The World Bank has noted that only 3% of Mozambican companies are exporters, and that their weak export capacity and limited diversification of export products (far below the world average) are some of the main challenges. In the 2016 Global Innovation Index, Mozambique ranked only 84th (out of 124 countries), and 100th in terms of Use of Information and Communication Technologies (ICT) and Creation of Business Models. Between 2010 and 2014, about 40% of Mozambique’s GDP was produced by the informal sector. Between 70% and 80% of the workforce is in the informal sector, which tends to be less productive. 70% of revenue, employment and value-added was created by only 7% of all companies. To reverse this scenario, it would be necessary to invest in infrastructure and skills, create greater access to finance, and reduce bureaucracy. By 2014, only 21% of the population had access to electricity. Rural transport is lagging, even by African standards. Irrigation coverage is low. The quality of education remains a concern. Banks were reluctant to lend and bank loans are currently in the region of 29%. For more information, read here.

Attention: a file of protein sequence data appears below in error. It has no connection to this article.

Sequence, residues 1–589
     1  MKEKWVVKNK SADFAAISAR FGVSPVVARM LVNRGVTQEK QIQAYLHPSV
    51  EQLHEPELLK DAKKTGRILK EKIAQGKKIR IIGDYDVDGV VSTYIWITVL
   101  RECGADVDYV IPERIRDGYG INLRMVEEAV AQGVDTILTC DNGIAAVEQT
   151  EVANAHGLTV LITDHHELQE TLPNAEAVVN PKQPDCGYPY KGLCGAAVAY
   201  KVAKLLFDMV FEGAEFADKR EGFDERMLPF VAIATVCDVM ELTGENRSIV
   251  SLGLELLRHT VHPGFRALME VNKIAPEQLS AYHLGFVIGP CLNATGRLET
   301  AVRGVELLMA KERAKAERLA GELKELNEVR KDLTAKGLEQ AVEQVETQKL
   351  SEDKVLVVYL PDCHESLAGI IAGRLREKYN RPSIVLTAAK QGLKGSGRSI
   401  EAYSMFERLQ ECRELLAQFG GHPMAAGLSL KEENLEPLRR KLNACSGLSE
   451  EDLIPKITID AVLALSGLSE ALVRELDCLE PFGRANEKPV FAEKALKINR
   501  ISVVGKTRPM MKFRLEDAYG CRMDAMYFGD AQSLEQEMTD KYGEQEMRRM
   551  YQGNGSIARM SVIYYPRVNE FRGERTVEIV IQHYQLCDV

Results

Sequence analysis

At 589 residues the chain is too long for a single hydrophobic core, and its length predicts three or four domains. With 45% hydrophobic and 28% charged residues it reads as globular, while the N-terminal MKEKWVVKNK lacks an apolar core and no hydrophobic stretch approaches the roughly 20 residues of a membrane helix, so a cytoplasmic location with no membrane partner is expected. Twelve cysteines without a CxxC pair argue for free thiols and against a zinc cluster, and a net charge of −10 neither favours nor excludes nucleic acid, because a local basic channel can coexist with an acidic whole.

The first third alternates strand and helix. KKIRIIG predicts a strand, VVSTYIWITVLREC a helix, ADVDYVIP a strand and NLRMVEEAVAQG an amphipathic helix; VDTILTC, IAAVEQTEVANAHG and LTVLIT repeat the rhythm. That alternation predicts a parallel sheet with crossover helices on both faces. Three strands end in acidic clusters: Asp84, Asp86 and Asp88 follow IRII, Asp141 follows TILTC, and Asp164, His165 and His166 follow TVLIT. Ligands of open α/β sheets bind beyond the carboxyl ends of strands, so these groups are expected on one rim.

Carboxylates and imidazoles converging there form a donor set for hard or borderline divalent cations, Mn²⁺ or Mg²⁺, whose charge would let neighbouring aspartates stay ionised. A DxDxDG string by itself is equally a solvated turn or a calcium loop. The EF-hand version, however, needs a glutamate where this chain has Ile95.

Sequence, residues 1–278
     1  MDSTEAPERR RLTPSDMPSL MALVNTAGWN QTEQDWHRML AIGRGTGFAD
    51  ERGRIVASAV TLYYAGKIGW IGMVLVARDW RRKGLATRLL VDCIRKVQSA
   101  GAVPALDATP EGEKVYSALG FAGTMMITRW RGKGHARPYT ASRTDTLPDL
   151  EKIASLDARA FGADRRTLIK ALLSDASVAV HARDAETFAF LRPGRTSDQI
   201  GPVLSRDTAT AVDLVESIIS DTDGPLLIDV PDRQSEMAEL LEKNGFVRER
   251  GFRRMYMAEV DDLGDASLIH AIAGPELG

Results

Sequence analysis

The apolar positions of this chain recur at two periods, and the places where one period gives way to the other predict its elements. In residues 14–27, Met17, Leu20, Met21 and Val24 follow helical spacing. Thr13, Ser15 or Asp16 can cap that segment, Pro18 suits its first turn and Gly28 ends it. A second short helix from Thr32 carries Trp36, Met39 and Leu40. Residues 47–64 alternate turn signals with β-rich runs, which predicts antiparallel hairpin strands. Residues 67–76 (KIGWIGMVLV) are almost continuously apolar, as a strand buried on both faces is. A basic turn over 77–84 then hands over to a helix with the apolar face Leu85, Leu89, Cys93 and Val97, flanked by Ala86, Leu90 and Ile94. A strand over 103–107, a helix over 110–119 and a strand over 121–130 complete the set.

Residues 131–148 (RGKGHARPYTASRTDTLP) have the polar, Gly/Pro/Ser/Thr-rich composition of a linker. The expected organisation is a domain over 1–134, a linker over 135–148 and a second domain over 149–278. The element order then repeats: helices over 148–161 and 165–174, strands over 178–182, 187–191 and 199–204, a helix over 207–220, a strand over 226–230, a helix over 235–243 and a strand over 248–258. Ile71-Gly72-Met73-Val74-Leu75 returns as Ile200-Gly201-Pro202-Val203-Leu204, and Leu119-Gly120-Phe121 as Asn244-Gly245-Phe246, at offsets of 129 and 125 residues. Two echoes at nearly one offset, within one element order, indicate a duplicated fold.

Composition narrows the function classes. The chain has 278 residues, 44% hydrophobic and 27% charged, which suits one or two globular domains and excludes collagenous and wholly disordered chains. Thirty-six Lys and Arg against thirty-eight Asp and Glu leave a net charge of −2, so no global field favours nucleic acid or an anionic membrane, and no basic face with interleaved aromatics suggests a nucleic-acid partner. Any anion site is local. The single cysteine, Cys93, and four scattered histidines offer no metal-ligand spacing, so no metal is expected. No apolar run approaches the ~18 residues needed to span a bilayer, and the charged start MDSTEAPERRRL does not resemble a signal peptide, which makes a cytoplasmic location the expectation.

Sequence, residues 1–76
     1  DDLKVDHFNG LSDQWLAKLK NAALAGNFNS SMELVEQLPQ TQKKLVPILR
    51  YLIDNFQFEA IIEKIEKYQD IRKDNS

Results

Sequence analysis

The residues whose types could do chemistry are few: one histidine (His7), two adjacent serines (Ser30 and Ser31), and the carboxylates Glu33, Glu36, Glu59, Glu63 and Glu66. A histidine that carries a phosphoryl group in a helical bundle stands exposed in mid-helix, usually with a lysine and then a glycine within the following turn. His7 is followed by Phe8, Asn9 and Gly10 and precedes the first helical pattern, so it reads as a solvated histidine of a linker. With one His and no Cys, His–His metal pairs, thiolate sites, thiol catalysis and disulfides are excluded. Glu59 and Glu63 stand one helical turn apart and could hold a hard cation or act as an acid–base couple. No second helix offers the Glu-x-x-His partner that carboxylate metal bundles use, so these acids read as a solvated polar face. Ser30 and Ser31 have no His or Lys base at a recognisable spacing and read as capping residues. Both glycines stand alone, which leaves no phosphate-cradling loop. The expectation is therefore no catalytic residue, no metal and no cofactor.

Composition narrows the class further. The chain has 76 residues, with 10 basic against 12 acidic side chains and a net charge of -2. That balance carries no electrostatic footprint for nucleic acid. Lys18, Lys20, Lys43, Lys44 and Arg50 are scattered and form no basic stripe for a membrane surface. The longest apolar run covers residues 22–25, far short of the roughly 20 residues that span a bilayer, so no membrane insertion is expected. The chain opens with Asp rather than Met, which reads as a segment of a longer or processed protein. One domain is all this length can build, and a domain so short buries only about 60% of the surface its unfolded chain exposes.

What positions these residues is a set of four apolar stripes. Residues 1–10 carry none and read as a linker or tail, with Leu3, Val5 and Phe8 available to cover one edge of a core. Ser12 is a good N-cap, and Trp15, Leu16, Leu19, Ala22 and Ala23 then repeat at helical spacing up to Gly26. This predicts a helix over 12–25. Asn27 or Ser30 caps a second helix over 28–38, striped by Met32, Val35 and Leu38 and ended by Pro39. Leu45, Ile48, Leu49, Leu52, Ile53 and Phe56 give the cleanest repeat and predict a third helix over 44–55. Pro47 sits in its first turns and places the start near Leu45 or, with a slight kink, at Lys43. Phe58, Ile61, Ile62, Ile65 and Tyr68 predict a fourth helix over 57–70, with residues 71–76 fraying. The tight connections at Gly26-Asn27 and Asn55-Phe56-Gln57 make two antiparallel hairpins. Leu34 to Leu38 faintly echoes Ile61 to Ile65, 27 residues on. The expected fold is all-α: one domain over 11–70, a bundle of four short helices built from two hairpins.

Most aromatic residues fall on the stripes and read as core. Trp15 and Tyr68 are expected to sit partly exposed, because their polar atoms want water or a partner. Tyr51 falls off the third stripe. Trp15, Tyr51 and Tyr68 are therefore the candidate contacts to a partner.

• CAS View: I have in previous newsletters addressed the potential of Mozambique as an investment destination, and I have been quite bullish on the merits of the country. This article clearly shows upon the challenges the country is facing. And they are by no means minor. However, the potential of the country with its gas and coal deposits is not trivial at all. The optimal development of this potential will be delayed somewhat until such time that Mozambique’s government sorts out its debt problems and the corruption surrounding the tuna boat scandal. Foreign aid, which significantly supports the Mozambican budget, and investment will be less likely to flow until such time that this has been dealt with in a satisfactorily manner. The World Bank has shown that Mozambique’s economic growth rate has slowed down to 3.3% in 2016, and has adjusted the expected growth for 2017 from 5.1% to 4.8%. However, there is an expectation that the country could up this rate back to 5.1% for the period 2018 to 2021 (Economist Intelligence Unit). For this to happen, though, Mozambique needs to develop its gas and coal sectors and the concomitant infrastructure in a meaningful way, as well as industrialise its agricultural sector. Tourism can also play a meaningful role. Underlying all is the need for political stability, creating an environment safe for foreign investment. In spite of a bit of volatility in this regard, it seems that Frelimo and Renamo are making progress. They have no choice; they must stick together for the sake of the country. As I have said before, either they stick together, or they hang separately!